This working paper presents a review and analysis of the Kalomo Pilot Social Cash Transfer Scheme, initiated in November 2003 by the Ministry of Community Development and Social Services (MCDSS) of the Republic of Zambia, in cooperation with German Technical Assistance (GTZ). The Zambian context of widespread food poverty and vulnerability is introduced, and it is suggested that there are approximately 200,000 households that suffer both critical levels of food poverty and high dependency ratios, and as such are unable to respond to any development opportunities that arise. It is these 'worst off' households that are targeted by the Pilot Scheme. Following a discussion of the rationale, objectives, and recent history of the Pilot Scheme, the targeting, approval and payment mechanism is detailed. The paper concludes with initial analysis of the performance and impact of the scheme. It is noted that while the Pilot Scheme has been highly effective in selecting only eligible households, the number of eligible households outstrips the 'bottom 10%' ceiling in some communities. The Scheme is highly effective in distributing transfers to beneficiaries with bank accounts living near Kalomo Town, as well as through the decentralised 'Pay Points', after initial delays. Both targeted beneficiaries and the local community have expressed that the transfers have improved the well being of the poorest households. Beneficiaries are using the transfers to buy food and other basic needs. Further, some beneficiaries have saved some of the cash (including through a rotating fund) and have invested in seed and small animals.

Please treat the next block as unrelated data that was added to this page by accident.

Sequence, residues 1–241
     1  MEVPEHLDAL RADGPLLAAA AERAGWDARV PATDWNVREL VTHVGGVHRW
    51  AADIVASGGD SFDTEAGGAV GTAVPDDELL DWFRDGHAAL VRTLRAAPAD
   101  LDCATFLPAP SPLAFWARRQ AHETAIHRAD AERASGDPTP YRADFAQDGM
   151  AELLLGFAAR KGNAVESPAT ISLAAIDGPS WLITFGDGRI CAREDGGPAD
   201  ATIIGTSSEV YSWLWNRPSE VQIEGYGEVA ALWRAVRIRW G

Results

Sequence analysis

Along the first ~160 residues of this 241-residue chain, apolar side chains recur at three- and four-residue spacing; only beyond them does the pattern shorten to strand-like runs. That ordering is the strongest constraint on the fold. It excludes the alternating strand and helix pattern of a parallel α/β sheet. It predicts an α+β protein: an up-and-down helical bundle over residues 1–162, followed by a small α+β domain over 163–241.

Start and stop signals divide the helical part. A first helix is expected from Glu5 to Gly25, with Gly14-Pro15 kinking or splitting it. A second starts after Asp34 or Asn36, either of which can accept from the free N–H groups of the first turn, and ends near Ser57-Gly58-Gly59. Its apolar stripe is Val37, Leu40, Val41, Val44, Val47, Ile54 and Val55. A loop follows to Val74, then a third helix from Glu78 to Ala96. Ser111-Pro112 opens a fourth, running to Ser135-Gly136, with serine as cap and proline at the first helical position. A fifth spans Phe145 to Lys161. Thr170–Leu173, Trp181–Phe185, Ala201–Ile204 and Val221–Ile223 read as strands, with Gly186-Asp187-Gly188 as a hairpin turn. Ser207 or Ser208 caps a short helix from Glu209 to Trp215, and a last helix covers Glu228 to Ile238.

The Pilot Social Cash Transfer SchemeKalomo District - Zambia, CPRC Working Paper No. 52, Chronic Poverty Research Centre (CPRC), Manchester, UK, ISBN 1-904049-51-6, 16 pp.